When you take your insights to a customer, it’s important that you put them in the context of the person with whom you’re meeting. Don’t waste your breath talking about goals with someone tactical, and don’t get into the weeds on the details with someone whose energy is devoted to the big picture. Always keep your sights set on who you’re speaking to and what matters to them.
Creating an insight-driven culture
Billy sees sales teams that excel at insight-building as a product of good coaching and strong leadership.
“Making insights part of your sales culture has to be a leaders-first approach,” he says. “It’s a coaching effort from the top down.”
Usually, the challenge is simply to help sellers stick with it long enough to see the value.
“Sellers can get a little loosey-goosey when it comes to the planning part of sales,” he says. “But when they devote their time to building out their insights, they reap massive benefits. Their leaders need to steer them in the right direction and help them see what’s in it for them. When we can draw a clear line that connects all the research they’re doing and the effort they’re putting to the ultimate, closed-won opportunity, people start to see why this stuff matters.”
Coaching sellers, he believes, is a lot like coaching athletes. “It’s easy to coach once you’re on the field, but it’s the behind-the-scenes planning and preparation that gets you there and puts you in a position to win.”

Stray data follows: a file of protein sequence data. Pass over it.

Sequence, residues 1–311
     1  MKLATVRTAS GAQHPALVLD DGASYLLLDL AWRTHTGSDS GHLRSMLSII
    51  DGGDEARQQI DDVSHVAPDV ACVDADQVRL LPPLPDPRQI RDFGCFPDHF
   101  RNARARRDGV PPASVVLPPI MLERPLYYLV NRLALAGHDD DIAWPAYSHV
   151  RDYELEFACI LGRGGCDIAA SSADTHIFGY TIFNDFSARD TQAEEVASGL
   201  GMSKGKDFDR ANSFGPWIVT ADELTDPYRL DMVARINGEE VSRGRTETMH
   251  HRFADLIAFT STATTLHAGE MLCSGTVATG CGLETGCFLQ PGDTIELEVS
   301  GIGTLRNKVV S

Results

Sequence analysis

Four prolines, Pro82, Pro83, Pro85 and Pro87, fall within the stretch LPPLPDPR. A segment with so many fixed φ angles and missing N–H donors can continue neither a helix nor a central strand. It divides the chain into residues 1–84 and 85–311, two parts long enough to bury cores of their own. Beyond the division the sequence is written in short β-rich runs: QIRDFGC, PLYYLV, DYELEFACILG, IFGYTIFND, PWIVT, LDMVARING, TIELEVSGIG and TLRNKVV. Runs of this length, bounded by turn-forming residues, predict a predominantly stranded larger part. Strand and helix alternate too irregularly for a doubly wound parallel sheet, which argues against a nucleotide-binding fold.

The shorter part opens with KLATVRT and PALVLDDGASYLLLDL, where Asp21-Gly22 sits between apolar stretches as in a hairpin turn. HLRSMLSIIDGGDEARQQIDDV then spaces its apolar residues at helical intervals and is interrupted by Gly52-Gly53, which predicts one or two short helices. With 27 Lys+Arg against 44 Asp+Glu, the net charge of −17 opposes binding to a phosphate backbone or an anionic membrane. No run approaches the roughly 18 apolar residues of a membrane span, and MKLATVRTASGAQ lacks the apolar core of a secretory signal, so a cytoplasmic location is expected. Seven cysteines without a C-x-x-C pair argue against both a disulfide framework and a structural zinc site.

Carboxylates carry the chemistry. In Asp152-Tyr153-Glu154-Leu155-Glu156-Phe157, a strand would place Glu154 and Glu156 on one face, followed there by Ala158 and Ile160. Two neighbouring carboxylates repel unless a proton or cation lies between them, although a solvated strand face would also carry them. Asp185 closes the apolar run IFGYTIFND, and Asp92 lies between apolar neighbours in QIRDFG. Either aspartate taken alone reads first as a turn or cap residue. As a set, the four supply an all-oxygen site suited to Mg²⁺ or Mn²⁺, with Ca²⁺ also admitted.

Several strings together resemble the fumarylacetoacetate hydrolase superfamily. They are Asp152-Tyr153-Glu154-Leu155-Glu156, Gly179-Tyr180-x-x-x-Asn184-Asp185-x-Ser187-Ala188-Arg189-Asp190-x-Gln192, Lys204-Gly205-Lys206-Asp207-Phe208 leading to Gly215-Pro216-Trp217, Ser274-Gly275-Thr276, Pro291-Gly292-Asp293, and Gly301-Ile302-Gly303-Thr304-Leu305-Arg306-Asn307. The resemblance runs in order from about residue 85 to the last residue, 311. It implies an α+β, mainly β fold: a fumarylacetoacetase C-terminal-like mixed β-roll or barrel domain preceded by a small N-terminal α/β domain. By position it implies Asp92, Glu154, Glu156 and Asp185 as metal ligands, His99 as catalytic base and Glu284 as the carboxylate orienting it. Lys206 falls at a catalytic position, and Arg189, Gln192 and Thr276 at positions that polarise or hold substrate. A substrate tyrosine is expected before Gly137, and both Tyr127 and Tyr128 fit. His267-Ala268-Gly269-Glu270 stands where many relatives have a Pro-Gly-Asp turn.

To help his reps get in tip-top selling shape, he requires them to consider themselves what he dubs “GM of My Business.” “The idea is that sellers must be able to articulate all the key drivers influencing the companies within their territory or for a particular client. And they must do so through an insight map.”
Billy believes that training sellers to prioritize insights is a process that can be taught. “And if you can teach it, you can coach it,” he reasons. “Most professionals have coaches. They practice every day. But salespeople don’t usually do that. We need to make sure that they practice enough that they embed those skills in their DNA.”
Six best practices to know your customer
As you guide your teams to prioritize business insights, orient their work around six fundamentals that will ensure that their knowledge is sturdy, accurate, and create mutual value for your organization and for your customer.
- Tell a logical story. Know what your customer is trying to achieve, how they’re trying to achieve it, and why.
- Ensure every goal and pressure is both specific and tied to a timeframe.
- Validate and triangulate what you know. Work with a broad team within your organization to bring together all of the information that is available. Then confirm and deepen those insights with your customer.
- Know who is responsible for or impacted by each goal, pressure, initiative, and obstacle.
- Confirm that the initiatives you’re positioned to
support are priorities for your customer. Know why your customer has chosen to pursue them over every other project that could have claimed their attention.
- Define every obstacle so you know exactly what your customer is trying to overcome and what success will look like.
Your customers’ businesses are complicated and the industries in which they work are constantly evolving. Your buyers are up against a slew of complex pressures and are working toward challenging goals. When your sellers can show up with knowledge and insight, they’ll be able to establish themselves as serious, trustworthy partners.
Insights are the base that supports the development of great relationships.